Small Wheels, Big Lessons (Opinion)
Monday, January 21, 2008
By NK Singh
The flutter created by the Nano, Tata Motors? new low-cost car, will not subside anytime soon. This car, costing about a lakh rupees ($2,500), is half the cost of the next cheapest car, made in China ($5,000). It reportedly meets the required benchmarks on safety, fuel efficiency and emission norms. Sceptics question these claims, asking us to wait for drive tests to validate them. However, the widespread enthusiasm accorded to the car represents a new middle class euphoria. People have experienced a sudden sense of empowerment in the possibility of their steadily rising incomes bringing the fruits of development within their grasp. While pedestrians opt for the cycle, and the cyclist yearns for a two-wheeler, the vast majority of the urban working class aspire to a car for safety, status and respectability. Nano helps them make this psychological transition.
We have often been told by the likes of CK Prahalad that there is enormous opportunity at the bottom of the pyramid. Nano is yet one more example. The rapidly increasing teledensity in semi-urban and rural areas is another. I believe that embracing innovative low-cost services has wider benefits for the Economy. Illustratively, low-cost housing, affordable educational hubs and reliable healthcare facilities. Ingenuity and engineering skills can drive fundamental changes in the Economy in multiple ways. It is well known that agriculture now yields only 18% of India?s GDP but provides livelihood to over 58% of the population. Massive urbanisation has scarcely begun. It is inevitable that we would need to provide employment to millions through non-agricultural means. We have to improve agricultural productivity, moving it up the value-addition chain, while supporting labour-intensive manufacturing. If done, this could mark the start of our effort to fill ?the missing middle?, with comparative factor endowments sharpening our competitive edge.
Building self-contained satellite cities entails a daunting pace of urbanisation. Without low-cost housing, affordable education and reliable healthcare, this would not be possible. There are many affirmative action initiatives outlined in the Eleventh Five Year Plan, which, if implemented, can kindle the ingenuity of the corporate sector.
The Nano also provides policymakers an opportunity to correct some manifest distortions. First and foremost, India needs an integrated energy policy. Continued subsidisation of fossil fuel consumption results in multiple distortions of the Economy. The massive under-recoveries from the sale of petroleum products by oil Companies is clearly iniquitous. The subsidies benefit the affluent and compress resources available for social and physical infrastructure. No doubt, the petroleum sector has constituted an acceptably large percentage of indirect taxes. Rationalising the tax structure for petroleum and related products is an independent exercise which cannot be linked with the broader principle of economic costing for multiple forms of energy.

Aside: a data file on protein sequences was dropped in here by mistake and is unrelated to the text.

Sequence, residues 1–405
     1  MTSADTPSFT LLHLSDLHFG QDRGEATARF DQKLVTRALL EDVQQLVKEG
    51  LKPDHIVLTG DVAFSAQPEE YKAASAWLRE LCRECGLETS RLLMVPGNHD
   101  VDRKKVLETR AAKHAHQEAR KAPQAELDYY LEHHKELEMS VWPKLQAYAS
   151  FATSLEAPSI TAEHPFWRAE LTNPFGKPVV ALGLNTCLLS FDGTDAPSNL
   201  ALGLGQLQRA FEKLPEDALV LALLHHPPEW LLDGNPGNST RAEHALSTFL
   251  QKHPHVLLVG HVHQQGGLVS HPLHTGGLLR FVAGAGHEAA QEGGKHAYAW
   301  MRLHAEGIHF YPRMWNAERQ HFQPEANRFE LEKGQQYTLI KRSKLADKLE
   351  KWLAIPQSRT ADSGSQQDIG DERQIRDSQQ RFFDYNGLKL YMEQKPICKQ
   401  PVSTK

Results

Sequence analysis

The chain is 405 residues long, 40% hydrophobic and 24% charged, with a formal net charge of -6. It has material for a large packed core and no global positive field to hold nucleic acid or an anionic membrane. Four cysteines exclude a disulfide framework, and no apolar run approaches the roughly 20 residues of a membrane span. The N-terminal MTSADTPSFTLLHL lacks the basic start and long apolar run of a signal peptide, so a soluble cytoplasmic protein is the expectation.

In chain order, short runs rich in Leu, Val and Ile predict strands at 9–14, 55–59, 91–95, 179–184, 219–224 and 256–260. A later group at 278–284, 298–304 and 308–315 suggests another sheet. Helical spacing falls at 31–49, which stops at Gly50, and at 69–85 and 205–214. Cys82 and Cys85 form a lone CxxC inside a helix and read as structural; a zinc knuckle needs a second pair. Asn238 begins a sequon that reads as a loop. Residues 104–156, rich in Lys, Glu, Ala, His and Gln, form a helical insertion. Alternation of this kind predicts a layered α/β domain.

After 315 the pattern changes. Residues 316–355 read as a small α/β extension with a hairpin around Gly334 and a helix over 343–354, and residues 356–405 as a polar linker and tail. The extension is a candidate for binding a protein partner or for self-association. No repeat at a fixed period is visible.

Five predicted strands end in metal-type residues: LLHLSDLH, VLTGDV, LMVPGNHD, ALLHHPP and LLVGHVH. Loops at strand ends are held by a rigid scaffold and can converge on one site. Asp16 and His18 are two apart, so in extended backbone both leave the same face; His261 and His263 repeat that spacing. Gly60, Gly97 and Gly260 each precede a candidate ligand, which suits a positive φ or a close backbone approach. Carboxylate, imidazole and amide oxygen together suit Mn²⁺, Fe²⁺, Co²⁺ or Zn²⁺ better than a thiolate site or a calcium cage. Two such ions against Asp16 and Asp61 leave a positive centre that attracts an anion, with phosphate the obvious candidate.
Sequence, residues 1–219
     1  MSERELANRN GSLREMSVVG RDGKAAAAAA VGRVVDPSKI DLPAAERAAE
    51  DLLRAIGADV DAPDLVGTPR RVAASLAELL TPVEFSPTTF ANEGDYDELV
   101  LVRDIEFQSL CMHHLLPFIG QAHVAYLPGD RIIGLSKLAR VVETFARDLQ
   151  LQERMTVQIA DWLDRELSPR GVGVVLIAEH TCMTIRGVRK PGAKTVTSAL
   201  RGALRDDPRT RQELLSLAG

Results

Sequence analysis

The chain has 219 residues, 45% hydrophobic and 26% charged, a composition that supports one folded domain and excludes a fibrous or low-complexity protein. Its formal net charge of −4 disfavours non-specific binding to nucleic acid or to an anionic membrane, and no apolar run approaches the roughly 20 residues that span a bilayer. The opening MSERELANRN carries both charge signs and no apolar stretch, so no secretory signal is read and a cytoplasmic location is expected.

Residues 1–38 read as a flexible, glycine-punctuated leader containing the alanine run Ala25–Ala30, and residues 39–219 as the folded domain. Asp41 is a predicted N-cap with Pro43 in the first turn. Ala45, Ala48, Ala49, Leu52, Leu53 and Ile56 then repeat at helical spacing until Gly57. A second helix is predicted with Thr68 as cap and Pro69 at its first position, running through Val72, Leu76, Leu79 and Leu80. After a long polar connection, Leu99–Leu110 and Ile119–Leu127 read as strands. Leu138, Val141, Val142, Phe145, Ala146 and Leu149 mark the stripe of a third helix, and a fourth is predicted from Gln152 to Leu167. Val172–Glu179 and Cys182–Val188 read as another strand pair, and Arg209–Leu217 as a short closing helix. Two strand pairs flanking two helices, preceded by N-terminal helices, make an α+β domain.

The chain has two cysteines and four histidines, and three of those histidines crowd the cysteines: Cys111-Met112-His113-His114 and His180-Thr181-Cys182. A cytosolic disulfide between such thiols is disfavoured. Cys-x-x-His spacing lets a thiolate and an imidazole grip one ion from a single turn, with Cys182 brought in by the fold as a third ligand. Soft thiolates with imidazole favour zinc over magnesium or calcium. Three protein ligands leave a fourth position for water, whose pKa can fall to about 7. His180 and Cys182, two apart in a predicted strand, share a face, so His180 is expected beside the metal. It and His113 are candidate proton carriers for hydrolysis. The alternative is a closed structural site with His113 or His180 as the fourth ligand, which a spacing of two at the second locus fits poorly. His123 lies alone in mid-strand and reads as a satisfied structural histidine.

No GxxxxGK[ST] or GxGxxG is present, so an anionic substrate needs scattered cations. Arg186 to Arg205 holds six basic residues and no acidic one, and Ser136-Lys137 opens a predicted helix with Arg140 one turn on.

Depoliticising the pricing of petrol, diesel and kerosene would help mitigate environmental degradation, minimise adulteration and free resources for outlay on public goods. It is equally important that even while per capita energy consumption rises, given the current pace of economic development, priority must be accorded to energy efficiency and investment in renewals. Without a rational pricing policy, renewals will remain commercially unviable. We have for long known that subsidising electricity and fuels, not to mention other forms of cross-subsidies, have not proven electorally advantageous to the party in office. Just think of Gujarat and Himachal. India has entered a cycle of multiple elections this year and the next, and so leaving energy policies in a mess at this juncture would be irresponsible governance.
Second, the framework of the Urban Reforms Mission need restructuring. The proposed allocations in the Eleventh Plan for the urban sector are grossly inadequate if it is to cope with the inevitable rapid pace of urbanisation, extend mass transport systems in non-metro cities, and support the development of satellite towns.
Third, India needs an integrated transport policy. This goes beyond improved planning and implementation of rural roads, upgrading district roads and state highways and speedier completion of various components of the national highways project. A coherent approach is needed to improve operations and maintenance, secure better management of vehicular traffic, and apply user charges for road amenities. Highway patrolling, provisioning and economic costing of parking space need attention, too. Besides, our public transport systems remain hopelessly inadequate and inefficient. Perhaps the Delhi Metro example need wider and innovative replication in many other cities as well as emerging satellite configurations. Buses need fiscal incentives apart from improved quality and large investments in driving schools and operations modernisation and maintenance. A sensible transport policy would also need to be multi-nodal, including sensible tariffs for different modes of transport for goods and services. Deregulation and competition have made air travel affordable to millions. Depoliticising railway fares, with an increased dose of competition, will be to everyone?s benefit.
The replication of the Nano model in multiple sectors can make growth genuinely inclusive. India needs to plan for rapidly rising rural and middle class aspirations. The time has come for their embedded yearnings to be realised.
Source: The Financial Express